n-InGaAs
1.0E19
300A
n-IuGaAs
to n-GaAs
1E19
300A
GaAs (Si)
1.0E19
1400A
n-InGaAs
1E19
400A
n-InGaAs
to n-GaAs
1E19
400A
GaAs (Si)
5.0E18
3000A
InGaP (Si)
5E18
3 00A
InGaP (Si)
4.5E17
600A
GaAs (C)
4.0E19
500A
GaAs (Si)
3.0E16
InGaP (Si)
4.5E17
400A
GaAs (C)
4.0E19
500A
GaAs (Si)
3.0E16
200A
200A
InGaP (Si)
4.5E17
InGaP (Si)
5.0E17
200A
200A
InGaP (Si)
3.0E16
4000A
InGaP (Si)
5.0E18
500A
GaAs (Si)
5.0E18
6000A
InGaP (Si)
3.0E16
8000A
InGaP (Si)
5.0E18
500A
GaAs (Si)
5.0E18
6000A
InGaP (Si)
3.0E17
500A
GaAs (C)
4.0E19
600A
GaAs (Si)
3.0E16
3 00A
InGaP (Si)
5.0E17
100A
InGaP (Si)
3.0E16
3600 A
InGaP (Si)
5.0E18
500A
GaAs (Si)
5.0E18
6000A
InGaAs Cap
none
none
InGaAs
Grading
none
none
Emitter cap
GaAs (Si)
5E18
GaAs (Si)
5E18
1200A
InGaP (Si)
5.0E18
300A
InGaP (Si)
4.5E17
600A
GaAs (C)
4.0E19
500A
GaAs (Si)
3.0E16
3000A
Emitter
Base
Collector
Sub­
collector
GaAs (Si)
3.0E17
3500A
GaAs (Si)
5.0E18
6000A
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none
none
GaAs (Si)
1.0E19
5 00A
GaAs (Si)
5.0E18
2500A
InGaP (Si)
3.0E17
600A
GaAs (C)
4.0E19
600A
GaAs (Si)
3.0E16
3 00A
InGaP (Si)
5.0E17
100A
InGaP (Si)
3.0E16
3600A
InGaP (Si)
5.0E18
500 A
GaAs (Si)
5.0E18
7000A
32
All o f the wafers listed above are grown by Kopin Corporation by MOCVD.
The growth techniques are mature and the reliability o f the devices fabricated by this
process has been reported in the literatures [2-5]. The thickness o f each layer is designed
as follows. The emitter cap is used for lowering the emitter resistance. Some o f the
processes has InGaAs cap which can further reduce the emitter resistance. The thick
InGaAs cap can also help creating undercutting structures for self-aligned base contacts
described in section 2.3. The intrinsic emitter is made o f the InGaP material and has
3el7 n-doped at a thickness o f 400A to 600A. The wide bandgap property o f InGaP is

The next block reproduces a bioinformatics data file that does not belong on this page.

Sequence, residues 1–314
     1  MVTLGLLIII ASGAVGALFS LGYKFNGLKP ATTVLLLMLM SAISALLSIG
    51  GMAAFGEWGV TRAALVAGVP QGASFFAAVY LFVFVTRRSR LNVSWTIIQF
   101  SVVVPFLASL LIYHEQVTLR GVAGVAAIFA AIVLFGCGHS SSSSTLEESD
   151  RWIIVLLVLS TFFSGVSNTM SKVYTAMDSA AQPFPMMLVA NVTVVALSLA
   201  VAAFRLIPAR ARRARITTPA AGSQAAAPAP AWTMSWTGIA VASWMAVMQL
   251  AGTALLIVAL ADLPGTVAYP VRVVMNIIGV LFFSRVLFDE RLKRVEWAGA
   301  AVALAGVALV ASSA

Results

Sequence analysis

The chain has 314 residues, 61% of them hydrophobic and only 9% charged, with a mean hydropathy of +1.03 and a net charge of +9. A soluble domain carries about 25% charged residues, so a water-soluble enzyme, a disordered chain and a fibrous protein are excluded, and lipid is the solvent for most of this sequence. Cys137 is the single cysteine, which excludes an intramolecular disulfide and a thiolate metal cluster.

used to block holes from back injection into the emitter. Lighter doping in emitter can
reduce the base emitter capacitance (C be)[2 -6 ] thus increase the / r especially at lower
current density. However, this will also reduce the DC current gain Iife- To counter the
undesired drop in gain, pulse (delta) doping methods are used. For this thesis, the focus
was to investigate the usage o f DHBTs at low gigahertz switching applications and
reduced C be Lightly Doped Emitter (LDE) methods were not used.
The bases are 5 0 0 A or 6 0 0 A thick and highly p-doped at 4el9.
The high
doping can reduce the base resistance to a minimum. The layer beneath the base are the
collector layers. For a SHBT, the entire collector is made up o f GaAs lightly doped.
For DHBTs the main drift region of the collector is InGaP. However, in the transition
region region between base and collector between there is concern regarding the
conduction band discontinuity (AEC) and therefore, the design o f the transition region is
more complicated and will be explained in section 2.2.2.
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33
2.2.2 AEc consideration